But RAS-Cargo is certainly a controversial process. There is no consensus among experts as to whether the contents of a hermetically sealed container can actually be sniffed out. After all, no air and therefore no particles of prohibited substances enter or escape. This is also one of the reasons why the responsible authority in Germany, the Federal Aviation Office (LBA), has banned the RAS procedure for cargo that is highly likely to cause a dark alarm since July 2019. Such freight can therefore no longer be guaranteed in Germany.

Our gaze falls on France. The responsible authorities there continue to permit the RAS procedure. However, it is unlikely that dogs in France have a finer nose than dogs in Germany. Nevertheless, the security status granted in France can also be recognized in other EU countries. The EU Implementing Regulation 2015/1998 on the creation of common standards makes this possible. Since July 2019, unsafe freight has therefore been transported by truck from Germany to France, secured there by RAS-Cargo and then transported back to Germany so that it can be loaded onto the aircraft there with the status “safe”. It is not for nothing that RAS-Cargo likes to talk about “freight tourism“.

"Dark alarm": A hermetically sealed container cannot be identified in an X-ray scanner for luggage.

Important change to the RAS procedure in France: No more RAS procedure for large containers

Last November, French authorities announced that their own studies of the RAS procedure in connection with hermetically sealed containers with a volume of more than 25 liters had led to the conclusion that explosives dogs could not reliably sniff out all prohibited contents. The German shepherd can breathe a sigh of relief – his sense of smell is not inferior to his French counterparts after all.

The results were submitted to the European Commission for review. Regardless of the outcome, France has already adopted amendments. In summary, these state that from 01.10.2024 no hermetically sealed containers larger than 25 liters may be secured using the RAS method. From April 1, 2024, a transitional regulation will come into effect that will only allow the RAS procedure until October if the shipper has written approval from the French Aviation Security Authority (DSAC).

From 01.10.2024, RAS-Cargo will only be approved for containers smaller than 5 liters in France. Larger containers up to 25 liters can only be secured with X-rays. However, if a dark alarm occurs, no further security control method is permitted – with the strict consequence that no shipment may be made by air freight.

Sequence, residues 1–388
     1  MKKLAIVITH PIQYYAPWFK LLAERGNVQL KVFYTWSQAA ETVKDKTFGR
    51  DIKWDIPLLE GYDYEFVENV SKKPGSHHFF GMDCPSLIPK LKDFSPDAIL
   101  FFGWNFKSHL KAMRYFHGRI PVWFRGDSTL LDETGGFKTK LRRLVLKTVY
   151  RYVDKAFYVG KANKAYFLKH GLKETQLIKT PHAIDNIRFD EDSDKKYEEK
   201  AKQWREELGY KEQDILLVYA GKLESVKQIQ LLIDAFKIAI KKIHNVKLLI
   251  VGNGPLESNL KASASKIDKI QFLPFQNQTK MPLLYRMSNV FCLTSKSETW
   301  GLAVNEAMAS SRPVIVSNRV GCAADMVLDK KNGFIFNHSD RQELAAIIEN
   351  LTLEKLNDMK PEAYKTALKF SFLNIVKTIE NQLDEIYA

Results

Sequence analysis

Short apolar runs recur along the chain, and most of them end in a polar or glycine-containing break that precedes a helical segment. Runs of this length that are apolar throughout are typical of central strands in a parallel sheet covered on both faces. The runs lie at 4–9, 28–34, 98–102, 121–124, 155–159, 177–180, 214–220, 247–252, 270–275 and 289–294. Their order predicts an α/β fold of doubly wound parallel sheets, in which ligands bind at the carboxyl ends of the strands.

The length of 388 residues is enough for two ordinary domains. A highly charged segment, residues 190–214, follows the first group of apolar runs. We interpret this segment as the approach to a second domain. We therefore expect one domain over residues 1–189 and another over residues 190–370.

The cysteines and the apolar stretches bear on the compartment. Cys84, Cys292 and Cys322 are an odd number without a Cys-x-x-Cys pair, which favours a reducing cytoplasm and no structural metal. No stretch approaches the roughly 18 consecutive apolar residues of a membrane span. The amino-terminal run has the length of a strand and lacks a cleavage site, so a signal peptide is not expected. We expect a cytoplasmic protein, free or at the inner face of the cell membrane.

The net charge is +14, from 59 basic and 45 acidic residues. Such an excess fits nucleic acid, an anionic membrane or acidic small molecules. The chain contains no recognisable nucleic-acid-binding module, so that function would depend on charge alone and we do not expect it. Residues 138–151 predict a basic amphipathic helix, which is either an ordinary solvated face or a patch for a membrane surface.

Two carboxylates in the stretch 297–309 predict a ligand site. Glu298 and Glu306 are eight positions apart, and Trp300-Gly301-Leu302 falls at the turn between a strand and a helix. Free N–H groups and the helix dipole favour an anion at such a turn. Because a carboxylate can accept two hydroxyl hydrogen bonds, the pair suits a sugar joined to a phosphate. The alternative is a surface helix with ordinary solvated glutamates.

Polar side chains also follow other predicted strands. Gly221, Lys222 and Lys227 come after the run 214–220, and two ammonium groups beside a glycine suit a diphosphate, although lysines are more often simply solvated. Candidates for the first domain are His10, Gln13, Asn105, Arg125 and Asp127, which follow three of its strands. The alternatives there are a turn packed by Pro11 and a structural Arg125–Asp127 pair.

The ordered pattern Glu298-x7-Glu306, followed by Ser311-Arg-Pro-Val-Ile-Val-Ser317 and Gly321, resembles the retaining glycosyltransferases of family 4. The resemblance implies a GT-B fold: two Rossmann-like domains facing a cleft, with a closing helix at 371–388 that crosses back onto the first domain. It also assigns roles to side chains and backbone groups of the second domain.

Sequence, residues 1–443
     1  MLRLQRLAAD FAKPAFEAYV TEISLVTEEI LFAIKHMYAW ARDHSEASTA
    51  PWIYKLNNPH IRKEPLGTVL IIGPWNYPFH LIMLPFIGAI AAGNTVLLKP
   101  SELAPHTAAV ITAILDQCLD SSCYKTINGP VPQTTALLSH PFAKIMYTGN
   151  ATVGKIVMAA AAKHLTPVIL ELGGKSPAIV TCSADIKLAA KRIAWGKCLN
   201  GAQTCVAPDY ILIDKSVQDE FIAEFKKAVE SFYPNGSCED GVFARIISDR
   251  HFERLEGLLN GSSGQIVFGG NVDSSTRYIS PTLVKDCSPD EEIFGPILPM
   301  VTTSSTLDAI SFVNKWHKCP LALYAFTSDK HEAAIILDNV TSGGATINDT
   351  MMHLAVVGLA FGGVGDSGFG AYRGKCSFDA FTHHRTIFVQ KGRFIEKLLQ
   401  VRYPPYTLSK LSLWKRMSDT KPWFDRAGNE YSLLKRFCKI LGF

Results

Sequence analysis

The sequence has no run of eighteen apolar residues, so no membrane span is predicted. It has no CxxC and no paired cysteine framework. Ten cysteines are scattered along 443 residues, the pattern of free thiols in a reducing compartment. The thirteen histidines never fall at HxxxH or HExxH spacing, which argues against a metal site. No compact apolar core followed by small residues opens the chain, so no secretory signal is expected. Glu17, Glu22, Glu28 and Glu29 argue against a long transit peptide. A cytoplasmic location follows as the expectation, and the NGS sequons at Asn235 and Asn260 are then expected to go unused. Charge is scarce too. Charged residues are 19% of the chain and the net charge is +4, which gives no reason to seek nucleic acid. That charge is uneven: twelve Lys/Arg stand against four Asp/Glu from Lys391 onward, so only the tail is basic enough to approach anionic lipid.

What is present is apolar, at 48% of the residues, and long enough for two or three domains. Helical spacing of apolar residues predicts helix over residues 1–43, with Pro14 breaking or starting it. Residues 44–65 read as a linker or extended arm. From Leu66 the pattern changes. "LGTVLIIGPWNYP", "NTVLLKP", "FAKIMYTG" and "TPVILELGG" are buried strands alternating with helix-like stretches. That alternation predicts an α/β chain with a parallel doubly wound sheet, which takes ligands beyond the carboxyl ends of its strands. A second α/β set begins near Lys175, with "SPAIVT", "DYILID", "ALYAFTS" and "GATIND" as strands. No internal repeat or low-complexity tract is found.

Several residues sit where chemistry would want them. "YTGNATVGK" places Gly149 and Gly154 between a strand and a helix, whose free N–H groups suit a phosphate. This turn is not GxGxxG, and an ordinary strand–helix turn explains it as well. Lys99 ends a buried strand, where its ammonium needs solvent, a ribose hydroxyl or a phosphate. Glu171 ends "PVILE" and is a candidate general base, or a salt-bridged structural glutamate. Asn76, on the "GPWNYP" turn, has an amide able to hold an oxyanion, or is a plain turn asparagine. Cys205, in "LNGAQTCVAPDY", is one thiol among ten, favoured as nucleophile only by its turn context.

RAS Cargo new regulations 2024
Own representation based on a letter from DSAC dated 16.01.2024

The way finally seems clear for France to catch up with other EU member states such as Germany and the Netherlands by tightening up regulations and further harmonizing procedures to ensure aviation security. On the one hand, this ensures greater transparency of intra-European processes, which makes it easier in practice for the players involved: the same procedure in all countries. On the other hand, the idea of security in the European Union will be strengthened, which will benefit us all. After all, most of us will sooner or later be passengers on board an airplane and want its cargo to be safe.

Implications for the supply chain

The trend in the market and among the responsible authorities is clear: freight should already leave the shipper’s production facility or warehouse (regardless of whether it is their own warehouse or operated by a 3PL) in a safe condition. Then no additional security control methods are necessary. This is the ideal case. Or rather: the “safest” case. This requires certification as a known consignor, which is linked to strict requirements from the responsible authorities. Among other things, the entire operating site must be equipped with safety technology (outdoor area, yard, building, production facility, etc.) and staff require special safety training. A safety officer must carry out regular checks to ensure that all requirements are met at all times.

The resourceful player could now turn his attention to other European countries that still allow the RAS procedure on a larger scale. But this will only be a short-term solution to buy time. Because other national authorities will certainly soon follow suit with their regulations. In addition, the outcome of the European Commission’s review is still pending and it would be very surprising if the EU were to keep a controversial and supposedly not completely reliable security control method alive. This is in clear conflict with the goal of establishing common basic standards for aviation security.

Anyone who wants to ship dangerous goods or chemicals by air freight in the future must therefore take an even closer look at their supply chain planning and critically discuss the various solutions, as there is no “one size fits all” solution.

Illustrations: khairulz – adobe; leschaco using diy13 – adobe; Leschaco using AI Adobe Firefly on 15.04.2024; Leschaco 2024.